This study was funded and designed to isolate the effects of the Riddell (Elyria, OH) helmet and shoulder pads used by National Football League linemen. Its design highlights small differences in heat gain, but it does not translate well to on-field football training because the treadmill exercise was performed to exhaustion (in 9 of 10 participants in full gear), and participants were not given any chance to rest, drink fluids, or remove the helmet. The extrapolation upward of the top line in revised Figure 2 is speculation, not science. One could equally speculate that the middle line has no plateau and so extrapolate it upward. In contrast to this heat-chamber study, on-field football training in the heat is stop and go, with regular breaks, sometimes cooling breezes, fluids encouraged, and the helmet often removed during rest breaks, teaching times, and sideline waits. For these reasons, other researchers find that core temperature on field during football training waxes and wanes in response to varying activity levels and that rest breaks allow for adequate heat dissipation.1 Also, in another heat-chamber study, designed to mimic drills by linemen in practice, the heat-gain effect of football gear, compared with that of shorts alone, was variable and minimal, perhaps because the collegiate players in the study partly offset the cost of added gear by lowering their intensity, as could occur in a real field setting.2 And recall that the college fullback who died from heat stroke after an intense workout in the summer of 2001 wore no football gear, just a T-shirt and shorts. All things considered, although more research is needed, this study does not show that the helmet and shoulder pads pose a substantial risk for heat stroke in football training.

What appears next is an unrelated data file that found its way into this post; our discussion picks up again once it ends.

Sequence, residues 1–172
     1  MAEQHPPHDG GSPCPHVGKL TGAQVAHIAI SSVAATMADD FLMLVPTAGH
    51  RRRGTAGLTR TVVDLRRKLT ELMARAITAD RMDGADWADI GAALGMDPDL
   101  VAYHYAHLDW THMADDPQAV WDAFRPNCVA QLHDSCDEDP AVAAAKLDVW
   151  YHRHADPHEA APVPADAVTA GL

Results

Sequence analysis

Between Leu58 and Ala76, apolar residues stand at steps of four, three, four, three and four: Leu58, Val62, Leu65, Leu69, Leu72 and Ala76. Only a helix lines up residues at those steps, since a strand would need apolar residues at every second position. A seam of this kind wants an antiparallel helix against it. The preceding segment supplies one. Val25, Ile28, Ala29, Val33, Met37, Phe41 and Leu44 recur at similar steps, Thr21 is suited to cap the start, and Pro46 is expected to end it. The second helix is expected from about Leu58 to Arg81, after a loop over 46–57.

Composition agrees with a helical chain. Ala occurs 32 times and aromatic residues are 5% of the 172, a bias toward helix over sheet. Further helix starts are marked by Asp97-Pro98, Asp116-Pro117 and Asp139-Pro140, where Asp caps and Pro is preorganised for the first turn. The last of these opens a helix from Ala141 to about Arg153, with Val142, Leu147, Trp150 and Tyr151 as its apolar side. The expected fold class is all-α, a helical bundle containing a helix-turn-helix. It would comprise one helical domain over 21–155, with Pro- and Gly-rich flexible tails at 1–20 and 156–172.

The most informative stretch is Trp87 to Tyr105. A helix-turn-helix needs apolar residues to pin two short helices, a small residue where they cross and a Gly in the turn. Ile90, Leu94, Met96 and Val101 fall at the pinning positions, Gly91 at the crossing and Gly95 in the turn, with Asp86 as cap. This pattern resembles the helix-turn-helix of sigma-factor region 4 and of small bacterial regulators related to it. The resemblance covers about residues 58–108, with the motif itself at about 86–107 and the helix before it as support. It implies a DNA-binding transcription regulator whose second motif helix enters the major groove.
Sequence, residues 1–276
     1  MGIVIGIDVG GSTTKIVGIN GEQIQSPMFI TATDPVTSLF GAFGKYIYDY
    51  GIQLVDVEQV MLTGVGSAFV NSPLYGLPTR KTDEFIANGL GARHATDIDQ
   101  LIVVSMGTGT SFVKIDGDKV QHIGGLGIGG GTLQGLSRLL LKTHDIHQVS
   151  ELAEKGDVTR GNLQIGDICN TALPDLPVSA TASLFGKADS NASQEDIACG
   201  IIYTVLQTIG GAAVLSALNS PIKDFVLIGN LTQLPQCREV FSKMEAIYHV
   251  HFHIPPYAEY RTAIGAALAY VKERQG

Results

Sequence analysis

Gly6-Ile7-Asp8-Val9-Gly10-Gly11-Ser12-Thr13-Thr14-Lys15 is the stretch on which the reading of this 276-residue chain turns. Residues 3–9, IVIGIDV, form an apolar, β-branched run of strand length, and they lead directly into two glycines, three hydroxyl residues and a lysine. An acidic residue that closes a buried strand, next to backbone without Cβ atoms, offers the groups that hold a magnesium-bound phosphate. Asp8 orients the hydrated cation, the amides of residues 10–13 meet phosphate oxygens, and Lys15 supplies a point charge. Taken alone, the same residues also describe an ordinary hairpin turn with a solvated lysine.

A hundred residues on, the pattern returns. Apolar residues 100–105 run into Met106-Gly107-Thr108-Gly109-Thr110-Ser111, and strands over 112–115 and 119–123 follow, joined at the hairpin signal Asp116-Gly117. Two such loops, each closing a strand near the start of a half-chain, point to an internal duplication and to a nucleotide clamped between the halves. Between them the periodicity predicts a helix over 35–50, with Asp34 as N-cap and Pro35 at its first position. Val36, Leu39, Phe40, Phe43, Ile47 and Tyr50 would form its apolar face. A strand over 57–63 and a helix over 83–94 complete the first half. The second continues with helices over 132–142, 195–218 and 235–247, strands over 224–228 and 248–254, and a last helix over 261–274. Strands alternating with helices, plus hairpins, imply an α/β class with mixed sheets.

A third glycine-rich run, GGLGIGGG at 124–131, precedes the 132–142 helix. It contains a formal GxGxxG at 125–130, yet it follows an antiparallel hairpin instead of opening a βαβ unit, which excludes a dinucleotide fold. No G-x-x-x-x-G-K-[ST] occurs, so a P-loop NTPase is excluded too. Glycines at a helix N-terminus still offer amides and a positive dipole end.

E. Randy Eichner, MD, FACSM
Professor Emeritus of Medicine University of Oklahoma Health Sciences Center
University of Oklahoma Football, 1996-2009
1. Fowkes Godek S, Godek JJ, Bartolozzi AR. Thermal responses in football and cross-country athletes during their respective practices in a hot environment. J Athl Train. 2004;39(3):235-240.
2. Hitchcock KM, Millard-Stafford ML, Phillips JM, Snow TK. Metabolic and thermoregulatory responses to a simulated American football practice in the heat. J Strength Cond Res. 2007;21(3):710-717.